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Stonewall movie whitewashes historical beginning of a movement


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Stonewall: a gay bar in Greenwich Village that provided a safe haven for queers that had nowhere else to go before the gay rights movement began in 1969. S

Stonewall: the birthplace of the gay rights movement after patrons started the Stonewall Riots in 1969.

Stonewall: an iconic queer landmark that remains open on Christopher Street in Manhattan as a gay bar.

Stonewall: a film about the birthplace of the gay rights movement that erases the trans women of color who started the movement and replaces them with a gay white man.

After watching the trailer for Stonewall, slated to release on September 25, I was confused. Then I was angry. Then I was furious. Now, I’m a mixture of those emotions with a large dose of disappointment. My initial excitement about a film that could educate these young queers about our history diminished within the first minute of the trailer, when most of the cast was revealed as white, cisgender men. This is a problem, Hollywood.

Let’s all gather around our computer screens for a brief history lesson. The Stonewall riots were a series of violent protests against the police by the queer community in New York in 1969. Many cite the Stonewall Riots as the single most important event that led to the queer liberation movement in America, and the foundation upon which all modern queer rights are founded.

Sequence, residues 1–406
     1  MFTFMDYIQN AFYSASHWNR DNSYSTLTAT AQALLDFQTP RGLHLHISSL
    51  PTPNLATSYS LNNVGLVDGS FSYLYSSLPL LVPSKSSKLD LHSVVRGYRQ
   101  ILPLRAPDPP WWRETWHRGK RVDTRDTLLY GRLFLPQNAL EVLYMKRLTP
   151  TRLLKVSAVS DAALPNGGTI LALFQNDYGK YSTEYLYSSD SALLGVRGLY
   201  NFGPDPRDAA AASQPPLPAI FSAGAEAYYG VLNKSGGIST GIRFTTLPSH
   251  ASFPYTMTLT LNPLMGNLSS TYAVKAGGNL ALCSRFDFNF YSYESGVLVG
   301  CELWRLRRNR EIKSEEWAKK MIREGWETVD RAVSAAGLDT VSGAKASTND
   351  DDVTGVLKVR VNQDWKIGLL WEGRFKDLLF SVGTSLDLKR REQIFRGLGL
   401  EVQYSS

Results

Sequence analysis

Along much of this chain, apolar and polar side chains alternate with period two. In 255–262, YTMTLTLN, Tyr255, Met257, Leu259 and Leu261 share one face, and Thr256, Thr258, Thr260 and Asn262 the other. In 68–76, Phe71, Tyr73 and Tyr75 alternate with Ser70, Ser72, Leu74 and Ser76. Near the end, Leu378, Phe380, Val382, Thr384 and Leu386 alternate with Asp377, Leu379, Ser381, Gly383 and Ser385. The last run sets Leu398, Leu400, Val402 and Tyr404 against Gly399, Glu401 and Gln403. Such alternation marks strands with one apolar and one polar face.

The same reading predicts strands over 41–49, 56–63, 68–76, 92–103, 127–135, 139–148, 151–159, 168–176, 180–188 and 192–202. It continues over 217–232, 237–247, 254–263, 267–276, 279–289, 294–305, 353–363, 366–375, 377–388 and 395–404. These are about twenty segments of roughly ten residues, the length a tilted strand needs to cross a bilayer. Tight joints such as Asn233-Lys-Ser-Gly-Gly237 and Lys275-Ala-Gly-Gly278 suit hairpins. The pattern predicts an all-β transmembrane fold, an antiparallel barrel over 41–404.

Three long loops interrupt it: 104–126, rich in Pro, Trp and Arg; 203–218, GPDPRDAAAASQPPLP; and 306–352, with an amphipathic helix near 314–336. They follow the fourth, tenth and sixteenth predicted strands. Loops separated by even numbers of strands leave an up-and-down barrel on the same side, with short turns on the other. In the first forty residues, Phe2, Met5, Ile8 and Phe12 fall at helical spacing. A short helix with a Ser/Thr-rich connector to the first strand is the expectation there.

The two people most credited with sparking the riots and paving the way for modern LGBT+ rights were Marsha P.Johnson, a black transwoman who performed as a drag queen, and Silvia Rivera, Puerto Rican transgender woman.

Others credited for playing a huge part in the riots were Allyson Allante, who was just 14 when she was arrested, as well as Diane Kearney, Zazu Nova and Miss Peaches.

Yet the film’s description reads, “STONEWALL is a drama about a fictional young man caught up during the 1969 Stonewall Riots. Danny Winters (Jeremy Irvine) is forced to leave behind friends and loved ones when he is kicked out of his parent’s home and flees to New York. Alone in Greenwich Village, homeless and destitute, he befriends a group of street kids who soon introduce him to the local watering hole The Stonewall Inn; however, this shady, mafia-run club is far from a safe-haven. As Danny and his friends experience discrimination, endure atrocities and are repeatedly harassed by the police, we see a rage begin to build. This emotion runs through Danny and the entire community of young gays, lesbians and drag queens who populate the Stonewall Inn and erupts in a storm of anger. With the toss of a single brick, a riot ensues and a crusade for equality is born.”

This is a massive problem, Hollywood.

You targeting a movie, which looks a little too much like a musical than it should, to young queer people and claiming that this little white boy started a revolution. You are erasing the trans women of color completely. The word ‘transgender’ isn’t even in the description.

I’m disappointed, but not shocked. For years the media attention and the movement focuses on the most heteronormative sub community in LGBT+ culture: middle and upper class, cis gender, white men. If we continue to further marginalize the LBT+ communities in our already marginalized family, we will get nowhere.

We need to remember our predecessors. Remember them for their bravery. Remember them for their resilience. Remember them for who they were, not what Hollywood wants them to be.

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